Define a structure made of objects $A, B, C, \dots$ and morphisms $f, g, \dots$. Each morphism has *a collection of* domain objects and codomain objects. For simplicity we consider the domains and codomains as unordered sets. We require that

- For each $A$ there exists an $f : A \to A$.
- For every $f:B_1, B_2, \dots \to C, D_1, D_2,\dots$ and $g: C, F_1, F_2, \dots \to H_1, H_2,\dots$, there exists a morphism $g \circ f : B_1, B_2, F_1, F_2 \dots \to D_1, D_2, H_1, H_2\dots$.
- For composable $f, g, h$, $(f\circ g) \circ h = f \circ (g \circ h)$.

Note that this is richer than sequent logics, because it is sort of proof relevant; the same sequent have different proofs. If we impose that for each $f,g:\Gamma \to\Delta$ we have $f=g$, then we recover the usual sequent logic, without any connectives. (Of course, this makes axiom three trivial.)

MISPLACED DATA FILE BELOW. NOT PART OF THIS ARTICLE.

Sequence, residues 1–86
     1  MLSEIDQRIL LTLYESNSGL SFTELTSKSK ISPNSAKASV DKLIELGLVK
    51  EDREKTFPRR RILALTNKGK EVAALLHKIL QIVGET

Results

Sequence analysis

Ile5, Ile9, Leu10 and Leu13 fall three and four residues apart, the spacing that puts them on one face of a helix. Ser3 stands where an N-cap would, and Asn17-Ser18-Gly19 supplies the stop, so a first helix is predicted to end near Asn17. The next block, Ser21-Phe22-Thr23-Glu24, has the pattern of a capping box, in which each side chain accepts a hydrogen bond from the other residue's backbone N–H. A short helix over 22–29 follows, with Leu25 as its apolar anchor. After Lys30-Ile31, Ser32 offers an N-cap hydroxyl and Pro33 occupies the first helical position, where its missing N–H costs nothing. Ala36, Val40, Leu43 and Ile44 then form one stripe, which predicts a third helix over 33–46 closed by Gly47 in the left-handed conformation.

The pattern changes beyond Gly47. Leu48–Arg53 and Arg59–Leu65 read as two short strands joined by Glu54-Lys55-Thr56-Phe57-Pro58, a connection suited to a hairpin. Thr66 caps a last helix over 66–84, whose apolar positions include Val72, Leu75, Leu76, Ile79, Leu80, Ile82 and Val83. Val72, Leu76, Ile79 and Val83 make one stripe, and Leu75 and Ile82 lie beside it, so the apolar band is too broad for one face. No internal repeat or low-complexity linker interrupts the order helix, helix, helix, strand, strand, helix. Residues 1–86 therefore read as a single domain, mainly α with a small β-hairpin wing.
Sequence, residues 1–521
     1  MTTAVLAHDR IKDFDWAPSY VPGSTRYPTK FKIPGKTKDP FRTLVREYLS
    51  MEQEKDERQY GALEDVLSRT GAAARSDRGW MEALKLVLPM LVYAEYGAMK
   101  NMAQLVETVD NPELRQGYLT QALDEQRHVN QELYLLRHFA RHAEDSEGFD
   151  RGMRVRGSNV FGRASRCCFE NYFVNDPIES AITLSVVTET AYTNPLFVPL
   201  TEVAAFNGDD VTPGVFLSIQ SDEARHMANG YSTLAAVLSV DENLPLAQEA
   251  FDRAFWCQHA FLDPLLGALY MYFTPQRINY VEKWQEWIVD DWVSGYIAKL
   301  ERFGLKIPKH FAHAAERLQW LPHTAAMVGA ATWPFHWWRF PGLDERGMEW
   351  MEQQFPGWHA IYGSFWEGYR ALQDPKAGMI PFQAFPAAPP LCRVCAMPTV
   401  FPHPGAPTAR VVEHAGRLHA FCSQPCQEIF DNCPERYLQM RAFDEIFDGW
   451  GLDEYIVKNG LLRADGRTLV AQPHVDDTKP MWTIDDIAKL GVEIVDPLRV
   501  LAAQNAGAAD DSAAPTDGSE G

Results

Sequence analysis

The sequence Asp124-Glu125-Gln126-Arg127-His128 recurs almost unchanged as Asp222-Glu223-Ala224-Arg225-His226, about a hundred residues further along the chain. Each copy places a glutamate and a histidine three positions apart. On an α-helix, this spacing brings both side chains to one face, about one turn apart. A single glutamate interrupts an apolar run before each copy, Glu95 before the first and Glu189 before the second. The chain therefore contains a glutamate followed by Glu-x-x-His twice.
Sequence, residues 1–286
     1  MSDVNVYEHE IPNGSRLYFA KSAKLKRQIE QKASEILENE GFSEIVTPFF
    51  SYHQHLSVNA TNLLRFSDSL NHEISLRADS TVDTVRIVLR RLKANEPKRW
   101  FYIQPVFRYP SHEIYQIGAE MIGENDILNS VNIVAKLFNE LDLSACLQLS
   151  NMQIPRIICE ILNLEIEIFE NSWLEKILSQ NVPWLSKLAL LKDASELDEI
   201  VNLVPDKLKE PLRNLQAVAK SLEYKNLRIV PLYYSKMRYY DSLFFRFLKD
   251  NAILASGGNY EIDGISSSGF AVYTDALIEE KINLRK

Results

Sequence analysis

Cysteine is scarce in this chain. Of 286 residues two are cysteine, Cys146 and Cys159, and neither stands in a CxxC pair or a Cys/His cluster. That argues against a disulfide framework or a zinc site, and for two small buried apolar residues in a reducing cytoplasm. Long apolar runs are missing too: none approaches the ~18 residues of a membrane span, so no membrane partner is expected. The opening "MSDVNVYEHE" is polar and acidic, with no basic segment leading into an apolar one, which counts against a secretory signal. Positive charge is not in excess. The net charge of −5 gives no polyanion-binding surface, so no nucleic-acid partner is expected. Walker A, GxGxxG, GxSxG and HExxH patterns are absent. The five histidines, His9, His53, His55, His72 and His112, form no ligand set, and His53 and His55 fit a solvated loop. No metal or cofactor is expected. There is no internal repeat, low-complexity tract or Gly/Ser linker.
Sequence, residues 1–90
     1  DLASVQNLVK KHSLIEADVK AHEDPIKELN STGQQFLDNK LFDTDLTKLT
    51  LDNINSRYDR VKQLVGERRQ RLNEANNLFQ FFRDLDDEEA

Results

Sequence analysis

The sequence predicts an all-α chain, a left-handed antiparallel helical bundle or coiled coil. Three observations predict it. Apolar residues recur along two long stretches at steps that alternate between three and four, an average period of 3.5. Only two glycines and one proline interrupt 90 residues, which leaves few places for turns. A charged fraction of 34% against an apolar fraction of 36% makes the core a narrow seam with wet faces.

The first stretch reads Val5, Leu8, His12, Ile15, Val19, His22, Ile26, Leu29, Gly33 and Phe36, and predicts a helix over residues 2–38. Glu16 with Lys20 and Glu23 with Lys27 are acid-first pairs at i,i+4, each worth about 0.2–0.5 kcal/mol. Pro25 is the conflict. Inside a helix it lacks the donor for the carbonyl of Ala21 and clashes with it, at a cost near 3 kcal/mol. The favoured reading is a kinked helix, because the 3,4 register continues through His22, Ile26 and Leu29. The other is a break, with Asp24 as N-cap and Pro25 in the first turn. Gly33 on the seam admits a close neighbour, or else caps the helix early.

We can then define connectives with universal properties, just as we define products, coproducts and equalizers etc.

My question is: is there any existing literature on such a structure? What's the name for it? Where can I read more about it?

bothsides, the corresponding idea is amulticategoryand is fairly widely used. However, traditionally comma on therightof a sequent meansdisjunction; if you clarify that in your question, I or someone might look up some references for categorical work using that idea. $\endgroup$1more comment